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Catfish import ban bolsters farmers claims

US - For years U.S. catfish farmers have complained about unfair Asian aquaculture management and the dangers it poses US consumers. US farmers have charged Chinese and Vietnamese operations with improper use of antibiotics and chemicals and using unclean water supplies.

But even as Chinese aquaculture imports topped 4.5 billion pounds in 2006 (representing 80 percent of U.S. imports and up 1 billion pounds since 1995) few in government listened. Even after the FDA was alerted in 2002 of European tests on Chinese shrimp showing the antibiotic chloramphenicol (and periodic, similar alerts from the agency since then) there was no governmental move to halt the imports.

Then, in late spring, Fido keeled over, muzzle-deep in tainted, imported Chinese feed. At that point, with distraught pet-owners barking in its collective ear, the U.S. government finally took a closer look at exactly what Chinese imports contained.

What it found in fish — including banned contaminants like malachite green, fluoroquinolones, nitrofurans and gentian violet — proved the U.S. catfish industry hadn’t been crying wolf. Some of the banned substances are carcinogens; others increase the risk of antibiotic resistance and the development of a super bug.

Sufficiently alarmed, on June 28 the FDA announced an alert and the imposition of stricter import guidelines on Chinese farm-raised catfish (basa or tra), bass, shrimp, dace and eel.

“We’re taking this strong step because of current and continuing evidence that certain Chinese aquaculture products imported into the United States contain illegal substances that are not permitted in seafood sold in the United States,” said David Acheson, FDA’s assistant commissioner for food protection.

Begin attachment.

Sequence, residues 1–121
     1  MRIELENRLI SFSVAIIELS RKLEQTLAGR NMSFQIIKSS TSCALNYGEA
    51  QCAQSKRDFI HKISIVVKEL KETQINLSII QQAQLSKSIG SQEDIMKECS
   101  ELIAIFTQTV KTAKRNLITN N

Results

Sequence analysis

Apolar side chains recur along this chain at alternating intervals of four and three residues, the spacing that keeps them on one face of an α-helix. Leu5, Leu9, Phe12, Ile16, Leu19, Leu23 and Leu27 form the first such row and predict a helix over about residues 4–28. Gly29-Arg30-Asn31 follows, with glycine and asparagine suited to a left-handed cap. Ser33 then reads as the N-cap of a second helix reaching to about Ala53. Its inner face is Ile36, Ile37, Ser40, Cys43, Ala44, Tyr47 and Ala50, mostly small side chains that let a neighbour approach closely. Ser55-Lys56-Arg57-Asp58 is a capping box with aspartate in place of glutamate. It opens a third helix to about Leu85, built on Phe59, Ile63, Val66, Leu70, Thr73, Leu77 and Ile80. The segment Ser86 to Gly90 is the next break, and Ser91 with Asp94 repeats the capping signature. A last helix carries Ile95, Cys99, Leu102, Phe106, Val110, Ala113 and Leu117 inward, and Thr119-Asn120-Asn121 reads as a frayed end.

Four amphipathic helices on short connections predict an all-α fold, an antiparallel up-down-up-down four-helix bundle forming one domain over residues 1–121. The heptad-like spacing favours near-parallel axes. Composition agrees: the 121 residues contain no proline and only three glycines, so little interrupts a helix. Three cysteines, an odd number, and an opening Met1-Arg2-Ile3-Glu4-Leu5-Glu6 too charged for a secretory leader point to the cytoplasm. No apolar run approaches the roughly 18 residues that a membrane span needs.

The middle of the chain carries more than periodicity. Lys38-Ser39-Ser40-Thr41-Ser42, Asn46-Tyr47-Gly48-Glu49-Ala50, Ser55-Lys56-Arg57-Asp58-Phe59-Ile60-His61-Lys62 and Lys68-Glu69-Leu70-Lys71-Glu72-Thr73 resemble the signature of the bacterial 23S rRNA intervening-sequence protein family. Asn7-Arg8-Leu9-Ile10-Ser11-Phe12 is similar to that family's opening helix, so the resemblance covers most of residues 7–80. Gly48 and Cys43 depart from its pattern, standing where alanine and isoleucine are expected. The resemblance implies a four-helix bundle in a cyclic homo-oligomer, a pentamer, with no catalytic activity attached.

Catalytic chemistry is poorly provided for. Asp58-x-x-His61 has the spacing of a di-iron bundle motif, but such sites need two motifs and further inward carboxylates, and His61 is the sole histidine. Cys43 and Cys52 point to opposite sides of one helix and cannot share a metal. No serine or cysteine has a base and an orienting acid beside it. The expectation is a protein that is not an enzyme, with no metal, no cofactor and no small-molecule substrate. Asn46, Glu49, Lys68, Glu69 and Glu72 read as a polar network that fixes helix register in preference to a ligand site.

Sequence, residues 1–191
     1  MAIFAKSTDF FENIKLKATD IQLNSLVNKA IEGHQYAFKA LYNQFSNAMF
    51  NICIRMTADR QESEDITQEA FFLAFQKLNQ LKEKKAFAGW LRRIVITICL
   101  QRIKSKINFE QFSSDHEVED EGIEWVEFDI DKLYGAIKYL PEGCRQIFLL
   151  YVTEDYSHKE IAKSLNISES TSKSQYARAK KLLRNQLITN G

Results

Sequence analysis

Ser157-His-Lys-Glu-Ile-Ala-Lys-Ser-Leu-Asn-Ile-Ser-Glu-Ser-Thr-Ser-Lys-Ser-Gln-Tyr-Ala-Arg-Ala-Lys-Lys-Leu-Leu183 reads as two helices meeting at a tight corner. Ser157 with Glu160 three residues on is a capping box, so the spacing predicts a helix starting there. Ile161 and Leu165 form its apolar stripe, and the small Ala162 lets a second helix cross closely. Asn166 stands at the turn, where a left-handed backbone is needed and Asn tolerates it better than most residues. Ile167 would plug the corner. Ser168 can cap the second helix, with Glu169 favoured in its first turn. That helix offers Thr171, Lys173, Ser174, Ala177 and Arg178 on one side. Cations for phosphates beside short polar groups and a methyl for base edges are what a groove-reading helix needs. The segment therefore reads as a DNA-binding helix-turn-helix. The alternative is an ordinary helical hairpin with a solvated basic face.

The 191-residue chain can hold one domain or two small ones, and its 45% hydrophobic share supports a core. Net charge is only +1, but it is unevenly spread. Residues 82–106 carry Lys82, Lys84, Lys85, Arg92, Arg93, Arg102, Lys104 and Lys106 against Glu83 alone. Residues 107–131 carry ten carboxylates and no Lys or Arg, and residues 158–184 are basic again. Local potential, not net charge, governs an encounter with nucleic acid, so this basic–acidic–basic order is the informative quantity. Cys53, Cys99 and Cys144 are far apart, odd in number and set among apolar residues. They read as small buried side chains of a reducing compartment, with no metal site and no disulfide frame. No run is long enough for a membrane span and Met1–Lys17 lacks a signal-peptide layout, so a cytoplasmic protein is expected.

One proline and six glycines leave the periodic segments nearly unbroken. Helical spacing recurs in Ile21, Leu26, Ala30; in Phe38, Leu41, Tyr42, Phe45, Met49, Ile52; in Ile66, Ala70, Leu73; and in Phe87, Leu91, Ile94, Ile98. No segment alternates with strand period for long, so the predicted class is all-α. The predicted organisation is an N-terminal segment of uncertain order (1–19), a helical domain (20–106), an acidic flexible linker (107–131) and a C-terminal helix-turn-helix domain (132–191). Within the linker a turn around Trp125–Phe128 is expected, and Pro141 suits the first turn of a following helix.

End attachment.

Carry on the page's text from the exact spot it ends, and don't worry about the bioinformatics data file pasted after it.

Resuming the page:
Shortly thereafter, attempting to show it took the charges seriously, Chinese officials announced 180 food production plants had been closed and more than 23,000 food safety violations had been found. Even so, the new FDA rules stand.

“I applaud the FDA for imposing a nationwide ban on importing fish from China to help ensure the health and safety of all Americans,” said Rep. Mike Ross, an Arkansas Democrat with fish-farming operations in his district. “Our food supply is critical to our national security and we must not allow foreign producers to provide us contaminated foods that do not meet the FDA standards.

“We require strict guidelines from our local farmers and we must demand the same accountability from our imported food sources as well. The FDA’s swift action on this matter is greatly appreciated and I want to thank them for recognizing the health risks these imported fish pose to American consumers.”

But the FDA is late to the game, said Sen. Tom Harkin, Iowa Democrat and chairman of the Senate Agriculture Committee. “This latest crisis is further proof that FDA has serious catching up to do. There is a pattern emerging here. Over two months ago several states in this country had to step in and take action when they found unapproved drugs in farm-raised seafood from China. With the largest pet food recall in American history originating in China — and with proof from states that producers in China are using banned drugs in aquaculture — why is FDA just now banning these products from China?”

Source: Delta Farm Press